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            Tim,

            Here is only a partial list, all stemming from Senate Bill 343, the major pension legislation that went into effect at the beginning of 2013. These affected only active members, not retirees:

            1. Age-and-service eligibility: Based on a member’s age and years of service as of Dec. 31, 2012, many members had to work longer to be eligible for retirement.

            2. COLA: Anyone retiring after Jan. 7, 2013, has their annual adjustment tied to the Consumer Price Index, not to exceed 3 percent.

            3. Early retirement factors: The multiplication tables we use to determine the benefit for someone retiring with a reduced benefit were significantly changed to reduce the benefit.

            4. Final average salary: This key pension benefit formula component was extended from three years to five years for many members, which also acts to reduce the benefit.

            5. Benefit formula: We lengthened the time it takes to have a higher multiplier applied to FAS, again, reducing the benefit.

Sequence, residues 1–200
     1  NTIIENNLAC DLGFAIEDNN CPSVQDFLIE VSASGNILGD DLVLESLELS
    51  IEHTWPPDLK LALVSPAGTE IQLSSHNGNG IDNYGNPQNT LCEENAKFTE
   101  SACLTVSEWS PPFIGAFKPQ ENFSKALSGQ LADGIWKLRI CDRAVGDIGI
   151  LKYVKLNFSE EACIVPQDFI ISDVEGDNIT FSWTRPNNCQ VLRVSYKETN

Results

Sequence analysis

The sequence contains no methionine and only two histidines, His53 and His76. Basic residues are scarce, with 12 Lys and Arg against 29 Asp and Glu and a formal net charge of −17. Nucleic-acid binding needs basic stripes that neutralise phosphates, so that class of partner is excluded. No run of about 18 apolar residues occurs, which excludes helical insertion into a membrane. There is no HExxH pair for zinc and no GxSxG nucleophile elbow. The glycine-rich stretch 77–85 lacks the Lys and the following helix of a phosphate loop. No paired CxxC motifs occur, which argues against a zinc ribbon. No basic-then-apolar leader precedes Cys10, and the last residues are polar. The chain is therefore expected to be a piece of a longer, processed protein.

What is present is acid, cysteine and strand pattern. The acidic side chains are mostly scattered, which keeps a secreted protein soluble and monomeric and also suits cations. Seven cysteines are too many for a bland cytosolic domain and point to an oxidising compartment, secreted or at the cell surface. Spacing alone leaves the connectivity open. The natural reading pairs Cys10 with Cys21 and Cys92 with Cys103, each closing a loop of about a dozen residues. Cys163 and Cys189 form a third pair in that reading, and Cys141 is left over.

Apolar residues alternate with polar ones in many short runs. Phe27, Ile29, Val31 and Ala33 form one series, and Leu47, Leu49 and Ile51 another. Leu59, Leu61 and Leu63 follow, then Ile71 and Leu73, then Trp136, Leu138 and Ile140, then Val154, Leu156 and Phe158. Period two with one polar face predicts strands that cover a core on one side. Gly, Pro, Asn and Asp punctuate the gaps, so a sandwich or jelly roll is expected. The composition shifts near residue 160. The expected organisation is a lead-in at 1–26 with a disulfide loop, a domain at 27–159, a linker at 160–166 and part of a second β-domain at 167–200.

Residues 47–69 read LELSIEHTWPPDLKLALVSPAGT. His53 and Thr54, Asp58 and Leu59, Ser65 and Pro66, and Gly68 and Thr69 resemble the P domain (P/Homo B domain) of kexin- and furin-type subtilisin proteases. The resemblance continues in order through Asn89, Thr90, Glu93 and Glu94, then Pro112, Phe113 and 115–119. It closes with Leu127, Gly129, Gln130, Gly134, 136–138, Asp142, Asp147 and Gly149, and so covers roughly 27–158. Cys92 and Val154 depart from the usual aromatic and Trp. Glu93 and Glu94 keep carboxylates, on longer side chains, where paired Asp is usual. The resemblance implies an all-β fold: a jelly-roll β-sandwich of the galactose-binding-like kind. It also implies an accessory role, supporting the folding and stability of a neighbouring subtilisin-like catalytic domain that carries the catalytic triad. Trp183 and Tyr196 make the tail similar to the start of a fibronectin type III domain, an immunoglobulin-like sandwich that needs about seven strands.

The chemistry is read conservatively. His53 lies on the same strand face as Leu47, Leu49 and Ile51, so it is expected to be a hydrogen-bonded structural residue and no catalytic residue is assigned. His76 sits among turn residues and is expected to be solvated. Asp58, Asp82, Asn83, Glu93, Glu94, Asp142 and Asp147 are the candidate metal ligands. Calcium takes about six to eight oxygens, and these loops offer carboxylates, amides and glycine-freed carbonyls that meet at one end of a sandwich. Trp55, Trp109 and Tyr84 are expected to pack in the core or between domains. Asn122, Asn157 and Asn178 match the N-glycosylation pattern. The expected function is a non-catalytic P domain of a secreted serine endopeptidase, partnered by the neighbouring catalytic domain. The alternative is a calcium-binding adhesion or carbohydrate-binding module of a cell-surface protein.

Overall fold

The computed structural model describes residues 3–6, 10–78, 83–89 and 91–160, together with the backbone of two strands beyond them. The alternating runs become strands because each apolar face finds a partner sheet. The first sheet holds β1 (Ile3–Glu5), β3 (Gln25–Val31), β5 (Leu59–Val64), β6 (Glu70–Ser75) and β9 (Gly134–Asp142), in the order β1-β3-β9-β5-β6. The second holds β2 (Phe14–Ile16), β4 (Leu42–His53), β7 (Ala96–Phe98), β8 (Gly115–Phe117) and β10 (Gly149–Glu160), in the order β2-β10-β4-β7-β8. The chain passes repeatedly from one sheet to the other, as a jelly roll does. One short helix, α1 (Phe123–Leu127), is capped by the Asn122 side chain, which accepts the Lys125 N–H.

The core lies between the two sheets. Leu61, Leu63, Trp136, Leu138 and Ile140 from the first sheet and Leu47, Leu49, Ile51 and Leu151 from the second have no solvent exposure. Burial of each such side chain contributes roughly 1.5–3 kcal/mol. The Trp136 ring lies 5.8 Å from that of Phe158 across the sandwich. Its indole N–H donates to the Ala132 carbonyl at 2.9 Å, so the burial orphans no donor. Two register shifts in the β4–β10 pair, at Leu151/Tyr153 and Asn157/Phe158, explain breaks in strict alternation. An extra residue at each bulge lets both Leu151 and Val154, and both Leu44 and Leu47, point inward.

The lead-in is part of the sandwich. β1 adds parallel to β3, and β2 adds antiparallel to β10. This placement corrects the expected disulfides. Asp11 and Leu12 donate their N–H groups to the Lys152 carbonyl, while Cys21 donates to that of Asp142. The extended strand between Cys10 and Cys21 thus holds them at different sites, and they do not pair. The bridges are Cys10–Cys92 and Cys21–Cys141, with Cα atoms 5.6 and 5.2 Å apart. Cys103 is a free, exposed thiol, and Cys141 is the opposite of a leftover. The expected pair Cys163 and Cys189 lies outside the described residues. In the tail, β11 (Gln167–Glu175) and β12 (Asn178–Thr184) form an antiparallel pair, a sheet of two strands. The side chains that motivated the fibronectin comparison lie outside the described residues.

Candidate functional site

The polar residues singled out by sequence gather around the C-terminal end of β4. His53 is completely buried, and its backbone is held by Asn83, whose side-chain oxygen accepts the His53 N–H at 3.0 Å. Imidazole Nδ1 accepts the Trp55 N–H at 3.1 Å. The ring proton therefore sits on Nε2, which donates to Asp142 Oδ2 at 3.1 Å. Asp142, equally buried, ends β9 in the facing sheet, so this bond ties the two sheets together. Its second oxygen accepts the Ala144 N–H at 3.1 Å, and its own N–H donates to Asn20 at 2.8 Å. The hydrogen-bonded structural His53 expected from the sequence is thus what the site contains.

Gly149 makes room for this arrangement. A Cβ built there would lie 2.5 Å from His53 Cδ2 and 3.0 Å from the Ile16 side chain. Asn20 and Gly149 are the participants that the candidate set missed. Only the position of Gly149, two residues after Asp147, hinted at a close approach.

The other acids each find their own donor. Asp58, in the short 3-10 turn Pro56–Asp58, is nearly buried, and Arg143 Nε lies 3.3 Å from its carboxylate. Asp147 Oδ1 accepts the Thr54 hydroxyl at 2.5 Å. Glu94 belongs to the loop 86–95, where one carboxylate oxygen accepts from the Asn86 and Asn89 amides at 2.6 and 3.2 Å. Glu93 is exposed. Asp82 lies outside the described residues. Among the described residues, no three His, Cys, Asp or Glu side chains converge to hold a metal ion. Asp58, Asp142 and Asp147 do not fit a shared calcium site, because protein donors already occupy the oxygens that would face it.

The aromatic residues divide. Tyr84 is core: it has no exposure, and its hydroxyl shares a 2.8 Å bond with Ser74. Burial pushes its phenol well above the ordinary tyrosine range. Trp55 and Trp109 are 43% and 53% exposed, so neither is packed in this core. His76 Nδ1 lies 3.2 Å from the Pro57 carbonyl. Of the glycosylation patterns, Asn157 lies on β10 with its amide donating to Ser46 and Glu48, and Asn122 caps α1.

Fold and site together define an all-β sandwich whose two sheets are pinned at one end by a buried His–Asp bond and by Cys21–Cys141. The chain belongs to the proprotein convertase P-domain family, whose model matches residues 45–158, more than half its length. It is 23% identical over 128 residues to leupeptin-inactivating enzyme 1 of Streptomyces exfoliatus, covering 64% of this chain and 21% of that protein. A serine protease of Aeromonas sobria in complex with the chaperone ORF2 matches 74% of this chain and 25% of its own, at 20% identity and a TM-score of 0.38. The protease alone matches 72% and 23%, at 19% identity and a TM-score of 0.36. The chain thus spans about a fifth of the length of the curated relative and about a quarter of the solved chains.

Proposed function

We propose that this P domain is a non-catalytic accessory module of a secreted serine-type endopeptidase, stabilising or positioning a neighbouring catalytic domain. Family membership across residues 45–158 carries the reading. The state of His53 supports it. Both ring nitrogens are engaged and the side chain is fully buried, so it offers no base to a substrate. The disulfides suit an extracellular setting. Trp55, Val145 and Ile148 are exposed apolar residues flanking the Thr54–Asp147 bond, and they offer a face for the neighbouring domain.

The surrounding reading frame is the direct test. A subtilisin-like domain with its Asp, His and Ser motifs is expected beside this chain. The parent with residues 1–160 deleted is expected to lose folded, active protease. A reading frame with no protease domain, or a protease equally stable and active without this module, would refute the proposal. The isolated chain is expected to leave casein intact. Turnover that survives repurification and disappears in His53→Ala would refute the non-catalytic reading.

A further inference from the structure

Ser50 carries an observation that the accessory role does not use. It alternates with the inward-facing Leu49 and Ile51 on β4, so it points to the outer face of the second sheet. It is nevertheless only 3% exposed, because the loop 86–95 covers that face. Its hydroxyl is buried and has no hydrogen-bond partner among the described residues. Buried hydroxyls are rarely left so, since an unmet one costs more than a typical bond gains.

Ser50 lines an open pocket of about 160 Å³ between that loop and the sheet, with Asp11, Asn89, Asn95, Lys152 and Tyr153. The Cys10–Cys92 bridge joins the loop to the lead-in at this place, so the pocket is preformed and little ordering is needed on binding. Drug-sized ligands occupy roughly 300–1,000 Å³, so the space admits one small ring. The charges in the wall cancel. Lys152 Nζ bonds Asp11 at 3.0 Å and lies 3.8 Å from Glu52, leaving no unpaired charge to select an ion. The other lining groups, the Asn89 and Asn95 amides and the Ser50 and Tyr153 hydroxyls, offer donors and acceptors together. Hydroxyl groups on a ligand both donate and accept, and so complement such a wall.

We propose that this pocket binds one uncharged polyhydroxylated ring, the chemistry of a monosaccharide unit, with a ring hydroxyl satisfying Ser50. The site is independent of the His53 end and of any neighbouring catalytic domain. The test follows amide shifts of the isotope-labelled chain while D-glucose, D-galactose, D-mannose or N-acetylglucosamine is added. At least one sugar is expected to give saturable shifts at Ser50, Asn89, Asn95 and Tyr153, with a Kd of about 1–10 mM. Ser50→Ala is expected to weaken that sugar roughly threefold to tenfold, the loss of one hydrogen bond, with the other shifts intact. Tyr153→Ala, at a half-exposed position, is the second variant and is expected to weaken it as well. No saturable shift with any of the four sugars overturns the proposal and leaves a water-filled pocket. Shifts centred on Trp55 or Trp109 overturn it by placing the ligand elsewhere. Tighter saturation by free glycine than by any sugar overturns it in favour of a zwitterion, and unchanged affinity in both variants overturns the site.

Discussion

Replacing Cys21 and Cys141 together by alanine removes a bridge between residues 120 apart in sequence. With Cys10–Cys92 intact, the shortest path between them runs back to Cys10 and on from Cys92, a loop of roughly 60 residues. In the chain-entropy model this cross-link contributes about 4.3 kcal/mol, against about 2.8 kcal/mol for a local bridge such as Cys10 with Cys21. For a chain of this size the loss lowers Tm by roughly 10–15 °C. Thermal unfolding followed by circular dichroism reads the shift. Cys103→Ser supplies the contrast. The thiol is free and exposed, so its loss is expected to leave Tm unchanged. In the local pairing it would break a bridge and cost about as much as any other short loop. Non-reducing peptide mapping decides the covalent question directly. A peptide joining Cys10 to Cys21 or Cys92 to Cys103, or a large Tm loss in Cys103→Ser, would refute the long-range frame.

• March 8, 2021 at 9:58 am
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            Mike, could you explain to me what new benefit formula was applied to the survivors of decease members.

          • March 9, 2021 at 2:13 pm
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            Malcom,
            If you are trying to get additional information on how a survivor benefit was determined, please forward your questions through your OPERS online account message center or contact our Member Services Center at 1-800-222-7377 for further assistance.
            Thanks MS

  • March 1, 2021 at 10:18 am
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    When will the 2020 individual statements be available either through the website or mailed to members?

    Reply
    • March 1, 2021 at 11:30 am
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      Gerald,

      There is a delay this year. We expect to begin mailing them in mid-April. We’ll post a blog when they are available to view online.

      Reply
  • March 25, 2021 at 11:24 am
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    Michael:

    I’ve heard that state pensions will be receiving Federal dollars from the Covid-19 relief bill.

    If so, how much will OPERS receive?

    If not, why not?

    Thank you

    Reply
    • April 12, 2021 at 8:21 am
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      Tim,

      There is no provision in the relief bill for public pensions.

      Reply
  • July 14, 2021 at 9:55 am
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    The State of Ohio approved/signed the 2022/2023 budget, my understanding with no changes to the COLA for OPERS. Would this presume that there will be no COLA freeze for 2022/2023? Thank you for any information you may be able to provide.

    Reply